But surely when incompetent, even reckless, management lands the public with a hefty bill and contributes to the worst financial crisis in almost 80 years, someone has to pay? According to Stephen Gilchrist, chairman of central London law firm Saunders Law, reckless business decisions may not even be criminal, "and usually aren't in relation to offences of dishonesty since an intention to commit a criminal offence is usually required," he says. "However, placing a company in jeopardy by a continuing series of reckless decisions may have implications within regulatory legislation."

Like many others, Gilchrist says he is unsurprised no senior banker or regulator has been jailed for their role in the financial crisis. "Bankers and regulators live in their own bubble, protected from the ordinary pressures and threats of criminal justice by the politics of economics and the perception that at, all costs, chaos must not prevail," Gilchrist explains. "Politicians and regulators fear most - entirely without justification - a breakdown of public order if the economic edifice is seen to be breaking down."

So, have we created an environment in which not only are banks too big too fail, but their CEOs and senior bankers are too big to go to jail? "No one is above the law," cautions Gilchrist, "but the fear of the implications of bank failure and/or the prosecution of their high and mighty is often too great to contemplate."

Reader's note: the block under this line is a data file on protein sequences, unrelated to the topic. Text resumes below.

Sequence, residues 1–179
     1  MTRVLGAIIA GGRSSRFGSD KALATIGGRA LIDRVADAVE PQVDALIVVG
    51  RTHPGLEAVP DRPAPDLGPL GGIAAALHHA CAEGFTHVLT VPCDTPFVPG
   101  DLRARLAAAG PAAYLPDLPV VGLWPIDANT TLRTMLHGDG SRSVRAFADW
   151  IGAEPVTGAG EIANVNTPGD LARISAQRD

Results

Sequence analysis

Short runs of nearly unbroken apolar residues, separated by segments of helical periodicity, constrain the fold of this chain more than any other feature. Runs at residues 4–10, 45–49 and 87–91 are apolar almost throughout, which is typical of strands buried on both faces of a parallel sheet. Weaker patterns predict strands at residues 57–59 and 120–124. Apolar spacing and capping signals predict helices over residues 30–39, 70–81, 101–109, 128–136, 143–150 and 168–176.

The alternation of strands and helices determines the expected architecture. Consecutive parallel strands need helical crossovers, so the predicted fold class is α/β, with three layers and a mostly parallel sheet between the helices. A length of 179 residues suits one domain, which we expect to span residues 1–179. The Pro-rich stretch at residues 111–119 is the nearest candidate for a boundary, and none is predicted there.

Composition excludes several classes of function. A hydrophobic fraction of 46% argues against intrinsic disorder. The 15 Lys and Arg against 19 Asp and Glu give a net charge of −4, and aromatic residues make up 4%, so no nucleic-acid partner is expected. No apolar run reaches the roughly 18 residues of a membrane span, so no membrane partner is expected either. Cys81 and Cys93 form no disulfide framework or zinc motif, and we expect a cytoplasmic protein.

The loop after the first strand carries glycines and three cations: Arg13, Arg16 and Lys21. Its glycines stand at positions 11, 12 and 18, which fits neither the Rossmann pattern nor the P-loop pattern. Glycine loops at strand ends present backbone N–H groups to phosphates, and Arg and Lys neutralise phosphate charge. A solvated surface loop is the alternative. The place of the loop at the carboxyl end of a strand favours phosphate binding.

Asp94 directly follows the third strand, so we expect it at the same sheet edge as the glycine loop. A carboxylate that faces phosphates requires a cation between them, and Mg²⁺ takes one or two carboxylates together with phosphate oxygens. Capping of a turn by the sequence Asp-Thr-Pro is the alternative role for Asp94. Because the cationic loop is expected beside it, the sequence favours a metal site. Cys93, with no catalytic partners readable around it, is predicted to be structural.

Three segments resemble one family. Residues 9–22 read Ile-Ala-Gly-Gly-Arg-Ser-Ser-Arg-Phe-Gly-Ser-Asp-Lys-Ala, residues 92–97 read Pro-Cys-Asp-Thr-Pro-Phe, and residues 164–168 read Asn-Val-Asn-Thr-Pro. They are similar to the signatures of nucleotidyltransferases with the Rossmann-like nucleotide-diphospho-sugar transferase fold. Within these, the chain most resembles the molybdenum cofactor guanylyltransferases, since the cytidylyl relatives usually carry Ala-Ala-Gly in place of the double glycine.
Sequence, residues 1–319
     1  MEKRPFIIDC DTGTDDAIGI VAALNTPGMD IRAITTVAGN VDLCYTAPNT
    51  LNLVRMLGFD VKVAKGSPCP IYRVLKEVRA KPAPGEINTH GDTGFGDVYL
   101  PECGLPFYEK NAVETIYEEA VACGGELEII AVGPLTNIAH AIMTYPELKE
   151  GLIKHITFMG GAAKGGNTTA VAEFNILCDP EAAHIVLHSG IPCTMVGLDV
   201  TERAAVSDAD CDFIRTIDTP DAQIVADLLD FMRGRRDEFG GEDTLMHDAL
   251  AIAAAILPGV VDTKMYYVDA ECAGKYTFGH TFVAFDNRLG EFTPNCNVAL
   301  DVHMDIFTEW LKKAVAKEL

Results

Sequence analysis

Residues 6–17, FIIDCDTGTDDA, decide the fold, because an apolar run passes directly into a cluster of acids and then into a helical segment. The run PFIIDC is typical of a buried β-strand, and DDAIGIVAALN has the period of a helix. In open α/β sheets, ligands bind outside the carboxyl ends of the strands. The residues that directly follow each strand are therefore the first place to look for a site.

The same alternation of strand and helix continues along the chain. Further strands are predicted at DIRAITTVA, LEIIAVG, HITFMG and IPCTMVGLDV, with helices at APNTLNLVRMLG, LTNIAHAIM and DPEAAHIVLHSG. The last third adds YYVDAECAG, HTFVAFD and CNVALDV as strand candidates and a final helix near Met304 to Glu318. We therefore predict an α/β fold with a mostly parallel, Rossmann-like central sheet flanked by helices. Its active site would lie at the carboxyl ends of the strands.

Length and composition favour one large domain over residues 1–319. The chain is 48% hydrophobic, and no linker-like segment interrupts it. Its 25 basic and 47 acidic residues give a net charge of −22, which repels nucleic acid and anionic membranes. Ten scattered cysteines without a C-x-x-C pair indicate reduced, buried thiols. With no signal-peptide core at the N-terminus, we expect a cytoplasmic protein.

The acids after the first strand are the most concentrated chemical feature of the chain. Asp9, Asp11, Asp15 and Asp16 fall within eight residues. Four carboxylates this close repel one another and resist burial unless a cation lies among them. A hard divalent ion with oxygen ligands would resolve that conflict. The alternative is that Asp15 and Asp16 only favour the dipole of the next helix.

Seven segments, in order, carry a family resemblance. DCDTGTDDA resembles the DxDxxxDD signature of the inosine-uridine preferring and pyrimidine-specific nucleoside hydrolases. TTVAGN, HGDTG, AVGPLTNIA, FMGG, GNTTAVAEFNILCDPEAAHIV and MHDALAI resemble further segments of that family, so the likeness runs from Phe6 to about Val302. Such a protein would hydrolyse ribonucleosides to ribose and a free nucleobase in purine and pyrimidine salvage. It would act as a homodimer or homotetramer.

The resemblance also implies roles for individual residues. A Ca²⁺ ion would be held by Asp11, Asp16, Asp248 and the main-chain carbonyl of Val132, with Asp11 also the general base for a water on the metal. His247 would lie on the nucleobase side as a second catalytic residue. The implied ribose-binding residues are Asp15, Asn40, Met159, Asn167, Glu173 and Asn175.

GERAINT ANDERSON, AUTHOR of Cityboy and Just Business and a man whose revelations about the darker side of banking earned him the title 'City whistleblower', says that while bankers may not be above the law, "some of the white- collar crimes that some of them do engage in - such as fraud, insider trading, money laundering and market manipulation - are so damned difficult to gain convictions for they may well feel above it."

He cites the FSA's 2010 revelation that 30% of takeovers in the previous year were preceded by suspicious share price movements. "Yet the number of insider trading convictions can be counted on one hand," he adds.

If they feel that way now, there are at least signs that things might be about to change. The FSA's report into RBS may not have been spicy enough for some tastes, but its chairman, Lord Adair Turner, did at least question the adequacy of existing legislation: "If action cannot be taken under existing rules, should not the rules be changed for the future?"